• Blocks with more than six apartments are considered commercial developments so you will have to use a commercial loan, which means a shorter loan term and a higher interest rate.
  • Banks typically apply an 80% LVR cap on all SMSF property purchases.

Buying a block of apartments presents many exciting opportunities for investors, but it’s hard to do in major cities because big money is usually required to secure the block in the first place and blocks don’t come onto the market too often. 

There are usually more options in regional markets, where purchase prices are lower and yields are typically higher than the cities.

A regional block won’t get the capital growth of a city block, but that might not be your aim. In retirement, many people just want to be debt-free with a few income assets to fund their lifestyle. So a regional block of apartments delivering a high rental return might be an excellent option, as long as the loan is small enough for you to pay it off before retiring.

For this strategy to work, you would need to buy in an area with a low vacancy rate over the long term, low unemployment, decent population growth and a diverse local economy.

Getting good advice is crucial when buying through a SMSF.

First, talk to your accountant as they’ll be able to advise you of the set-up and ongoing costs, including mandatory annual audits.

Then talk to a broker who really knows the ins and outs of SMSF investing to secure your loan.

Good luck!

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Election outcome to boost market activity

Tuesday, July 19, 2016

By John McGrath 

So … we finally got a result! Talk about drama in our political arena over the past couple of weeks, but in the end, the Coalition got over the line and the biggest thing that means for real estate is no changes to negative gearing or the capital gains discount.

McGrath joined with a number of other real estate companies across Australia to express concerns over Labor’s proposal to limit negative gearing to new properties and halve the current capital gains discount from 50% (if held for more than one year) to 25%.

We fundamentally disagreed with the suggestion from Labor that negative gearing mainly benefitted the wealthy. Our research shows two-thirds of people taking advantage of negative gearing have a taxable income under $80,000.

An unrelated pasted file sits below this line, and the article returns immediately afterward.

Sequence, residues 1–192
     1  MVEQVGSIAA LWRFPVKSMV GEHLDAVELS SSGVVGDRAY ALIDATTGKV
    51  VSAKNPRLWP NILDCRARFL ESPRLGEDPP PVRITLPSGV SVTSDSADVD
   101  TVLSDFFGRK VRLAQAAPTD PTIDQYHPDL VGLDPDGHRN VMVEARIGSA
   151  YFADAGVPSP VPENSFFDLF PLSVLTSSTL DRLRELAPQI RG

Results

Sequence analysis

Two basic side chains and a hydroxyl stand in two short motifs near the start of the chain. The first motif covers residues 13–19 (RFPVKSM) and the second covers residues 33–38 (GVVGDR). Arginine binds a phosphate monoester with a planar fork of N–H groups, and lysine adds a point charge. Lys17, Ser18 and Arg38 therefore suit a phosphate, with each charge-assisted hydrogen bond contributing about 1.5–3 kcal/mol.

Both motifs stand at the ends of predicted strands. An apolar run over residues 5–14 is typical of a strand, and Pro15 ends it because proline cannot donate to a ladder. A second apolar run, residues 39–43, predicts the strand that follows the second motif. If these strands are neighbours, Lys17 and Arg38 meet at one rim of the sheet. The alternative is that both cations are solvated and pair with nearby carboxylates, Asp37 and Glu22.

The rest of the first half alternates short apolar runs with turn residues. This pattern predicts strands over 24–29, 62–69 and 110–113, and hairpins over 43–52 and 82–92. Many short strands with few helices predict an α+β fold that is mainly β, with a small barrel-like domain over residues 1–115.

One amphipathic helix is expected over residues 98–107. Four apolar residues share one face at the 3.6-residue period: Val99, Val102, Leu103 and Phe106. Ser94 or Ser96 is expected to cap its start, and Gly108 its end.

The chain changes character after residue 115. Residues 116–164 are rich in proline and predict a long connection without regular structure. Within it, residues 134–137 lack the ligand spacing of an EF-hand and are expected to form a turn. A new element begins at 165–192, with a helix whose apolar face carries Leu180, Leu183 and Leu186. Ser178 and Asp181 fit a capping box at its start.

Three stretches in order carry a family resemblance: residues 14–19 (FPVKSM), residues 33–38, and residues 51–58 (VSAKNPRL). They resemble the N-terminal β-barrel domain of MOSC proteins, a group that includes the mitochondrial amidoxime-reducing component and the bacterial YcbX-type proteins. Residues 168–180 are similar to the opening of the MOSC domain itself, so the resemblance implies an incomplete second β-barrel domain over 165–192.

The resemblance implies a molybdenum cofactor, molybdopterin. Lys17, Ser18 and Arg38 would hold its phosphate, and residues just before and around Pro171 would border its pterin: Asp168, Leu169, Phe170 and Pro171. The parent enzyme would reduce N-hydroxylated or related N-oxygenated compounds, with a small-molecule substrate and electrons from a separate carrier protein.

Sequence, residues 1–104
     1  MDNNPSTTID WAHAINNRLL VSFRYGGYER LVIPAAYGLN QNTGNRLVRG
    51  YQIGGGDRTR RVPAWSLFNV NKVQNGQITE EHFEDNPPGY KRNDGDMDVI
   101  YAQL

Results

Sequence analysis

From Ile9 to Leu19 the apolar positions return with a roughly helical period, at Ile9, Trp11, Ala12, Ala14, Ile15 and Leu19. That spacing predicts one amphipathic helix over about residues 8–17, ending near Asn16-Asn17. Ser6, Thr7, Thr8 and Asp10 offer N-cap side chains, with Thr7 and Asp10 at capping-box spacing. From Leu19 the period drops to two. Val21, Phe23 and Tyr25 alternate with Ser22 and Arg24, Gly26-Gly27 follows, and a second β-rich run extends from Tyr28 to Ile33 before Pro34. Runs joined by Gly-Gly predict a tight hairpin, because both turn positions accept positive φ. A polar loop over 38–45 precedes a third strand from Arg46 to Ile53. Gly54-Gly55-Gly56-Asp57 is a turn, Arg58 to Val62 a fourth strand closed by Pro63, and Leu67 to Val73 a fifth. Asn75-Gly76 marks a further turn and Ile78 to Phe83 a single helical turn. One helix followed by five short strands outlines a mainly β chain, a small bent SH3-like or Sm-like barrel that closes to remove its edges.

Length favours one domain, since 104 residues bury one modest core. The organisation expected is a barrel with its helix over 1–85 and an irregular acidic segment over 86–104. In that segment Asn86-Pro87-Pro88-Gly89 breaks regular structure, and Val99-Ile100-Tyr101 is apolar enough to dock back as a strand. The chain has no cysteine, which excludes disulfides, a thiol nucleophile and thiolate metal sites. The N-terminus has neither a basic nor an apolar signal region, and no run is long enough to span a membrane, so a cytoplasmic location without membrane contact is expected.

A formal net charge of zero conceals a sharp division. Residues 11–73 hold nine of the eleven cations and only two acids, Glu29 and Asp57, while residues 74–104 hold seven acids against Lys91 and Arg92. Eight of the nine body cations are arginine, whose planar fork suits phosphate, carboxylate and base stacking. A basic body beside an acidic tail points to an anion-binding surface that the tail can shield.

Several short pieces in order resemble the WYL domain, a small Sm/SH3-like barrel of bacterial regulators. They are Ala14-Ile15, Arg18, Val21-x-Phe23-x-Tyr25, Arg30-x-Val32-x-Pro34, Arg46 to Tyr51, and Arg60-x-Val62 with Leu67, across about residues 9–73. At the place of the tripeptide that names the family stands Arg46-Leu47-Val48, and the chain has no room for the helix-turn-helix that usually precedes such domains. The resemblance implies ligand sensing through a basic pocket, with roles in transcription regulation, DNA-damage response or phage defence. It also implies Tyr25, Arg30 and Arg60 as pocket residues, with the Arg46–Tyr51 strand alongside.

Moving forward, the end of the election period is likely to result in more market activity. 

The usual decline in stock that we always see over the Winter period was partly exacerbated by the election, because a lot of people delayed their real estate decisions.

For example, in the week leading up to the election, there were 811 capital city auctions compared to 2,218 the week before, according to research house CoreLogic.

In many cases, an election simply provides another reason for procrastination among nervous buyers and sellers. But in this election, property tax policy was such a major issue that it’s not surprising many people, particularly investors, chose to wait and see how it all played out.

Now we know there will be no change to negative gearing or capital gains policy, the pathway to Spring is clear. We usually see a bump in listings in the Spring season as many people perceive it to be the best time to sell. This year, we might see a bigger bump in listings simply because a lot of would-be Winter sellers delayed their campaigns.

Lack of stock has been a major issue in many of Sydney’s inner and middle-ring suburbs this year, which has contributed to ongoing price growth (8.9% increase in Sydney property values over the first six months of the year) and consistently strong clearance rates in the high 70% range.

A spike in listings over Spring would bring more fluidity to the market and enable more Sydneysiders to make their next move.

The other big political news of late is of course the Brexit vote in Britain. What will this mean for property?